Stories That Turn Me On

I’m talking about those stories that wrap their tentacles around your eyeballs and drag you to the bottom of the sea. The ones that make you forget about your work, your friends, your lover, even your wine. If what you’re reading right now doesn’t compel you like this, break up with it immediately. You deserve so much better.

In the Anatomy of Story, John Truby says that in order to find your voice as a writer, you should first discover the elements that turn you on about a story. This must be done with complete honesty. No editing. No censoring. There are strange worlds happening inside of you that stories allow you to explore, and it’s nothing to be ashamed of. Or so I tell myself. As poet and writer Nikki Giovanni said, you must be unintimidated by your own thoughts. So I did the exercise and in the process unearthed some gritty stuff. I discovered that I’m not made up of flowers, sunshine and candy (imagine).


  1. Innocence Corrupted.

There is something I find morbidly satisfying about characters that are stripped of their naiveté and forced to face a cruel world. Give me a character that is unfairly beaten, brutalized, judged, abandoned, tortured and thrown into circumstances that are beyond their ability to cope.

 Drive them to the brink of despair and hold them there until they learn something profound. Patrick Rothfuss’ Kingkiller Chronicle series does this beautifully. The magic-school-fantasy of Harry Potter meets the dark-gritty-surviving-in-the-real-world of David Copperfield. Put it this way. The moment that final instalment is released, I will go into hiding. Don’t look for me.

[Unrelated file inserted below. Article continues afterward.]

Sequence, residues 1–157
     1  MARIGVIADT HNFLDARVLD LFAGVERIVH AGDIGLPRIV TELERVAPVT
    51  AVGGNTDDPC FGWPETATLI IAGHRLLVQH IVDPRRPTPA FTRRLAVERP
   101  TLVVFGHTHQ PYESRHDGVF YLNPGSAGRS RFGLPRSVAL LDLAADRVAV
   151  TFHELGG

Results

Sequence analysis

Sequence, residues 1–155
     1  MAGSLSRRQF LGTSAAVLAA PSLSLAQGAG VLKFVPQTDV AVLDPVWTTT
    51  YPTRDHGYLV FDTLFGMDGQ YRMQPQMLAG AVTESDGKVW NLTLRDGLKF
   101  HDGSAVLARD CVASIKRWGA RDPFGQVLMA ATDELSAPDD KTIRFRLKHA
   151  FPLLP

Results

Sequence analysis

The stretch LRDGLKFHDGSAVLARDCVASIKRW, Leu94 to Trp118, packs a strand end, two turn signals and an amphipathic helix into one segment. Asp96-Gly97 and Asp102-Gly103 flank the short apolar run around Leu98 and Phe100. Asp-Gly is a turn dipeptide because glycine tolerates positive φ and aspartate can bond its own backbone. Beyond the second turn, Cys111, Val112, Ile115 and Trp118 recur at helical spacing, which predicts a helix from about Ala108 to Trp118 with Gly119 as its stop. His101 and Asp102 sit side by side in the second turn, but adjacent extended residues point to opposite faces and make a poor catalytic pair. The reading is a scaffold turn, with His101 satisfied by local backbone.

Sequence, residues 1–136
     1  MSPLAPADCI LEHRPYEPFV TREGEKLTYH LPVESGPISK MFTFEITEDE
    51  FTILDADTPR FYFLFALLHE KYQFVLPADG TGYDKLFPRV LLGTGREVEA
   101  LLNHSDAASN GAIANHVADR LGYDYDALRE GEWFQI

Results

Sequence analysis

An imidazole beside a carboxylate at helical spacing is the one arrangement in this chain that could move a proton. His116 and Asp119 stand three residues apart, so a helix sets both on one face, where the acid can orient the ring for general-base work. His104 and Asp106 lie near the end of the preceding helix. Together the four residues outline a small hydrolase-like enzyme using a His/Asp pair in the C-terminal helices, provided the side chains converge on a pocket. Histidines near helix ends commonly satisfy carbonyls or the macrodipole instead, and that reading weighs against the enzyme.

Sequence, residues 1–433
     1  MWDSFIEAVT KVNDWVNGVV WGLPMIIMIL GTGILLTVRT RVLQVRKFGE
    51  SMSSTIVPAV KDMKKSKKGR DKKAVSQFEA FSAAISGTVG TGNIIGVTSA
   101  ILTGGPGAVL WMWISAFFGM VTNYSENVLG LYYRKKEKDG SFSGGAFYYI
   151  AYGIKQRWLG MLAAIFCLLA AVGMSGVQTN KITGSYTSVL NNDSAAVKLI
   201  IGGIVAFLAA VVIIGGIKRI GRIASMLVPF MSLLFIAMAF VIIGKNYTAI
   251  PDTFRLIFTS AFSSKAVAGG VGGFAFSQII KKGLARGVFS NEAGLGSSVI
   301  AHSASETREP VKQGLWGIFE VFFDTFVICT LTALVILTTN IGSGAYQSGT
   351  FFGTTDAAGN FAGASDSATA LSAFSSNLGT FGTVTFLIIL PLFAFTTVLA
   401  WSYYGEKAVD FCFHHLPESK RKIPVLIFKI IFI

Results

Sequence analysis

1. The Journey

There is nothing better than watching a character try their best and get better at things; that phoenix that rises from the ashes and embarks on a journey to pursue a primal desire. That struggle and determination is so irresistible to me as a reader, perhaps because it reflects my own desires to rise above present circumstances. Do you agree? Jean M. Auel’s Earth’s Children series is my all time favourite example of this. Over the course of six books, we follow an abandoned little girl’s journey to become a mighty warrior in the Late Stone Age The tools, botany, wildlife, terrain, hunting, medicines, tribal customs and ancient philosophies…the author spared no details. I was there every step of the way, learning alongside her. A literal time machine chock full of fantasy.


  1. Transformation

Okay, so we’ve started from the bottom now we’re here. I want to enjoy here. I want to see the the fruits of their labour, the pot of gold at the end of their character development. Are they tougher now? Show them defeating great foes. Displays of power and skill, un-locked treasures and fulfilment of desire. At this point, all I want to do is finish the book with a sense of awe and reverence to the world that I was so privileged to be a part of. Perfume: The Story of A Murderer by Patrick Süskind gave me transformative chills. The disturbed genius of the protagonist will trap you inside his mind to the beautiful, bloody end.




Magic, secret places and things, the unexpected, Societies of Somethings, antagonists with layers to them, and unadulterated nature that is ancient and alive. I enjoy a writing style that is thick, juicy, and can be sliced cleanly in one stroke. I want it to explode into a thousand flavours that are complimentary, provocative and nourishing.



Mmmm. Flavours.


What turns you on about a story? (Don’t hold back)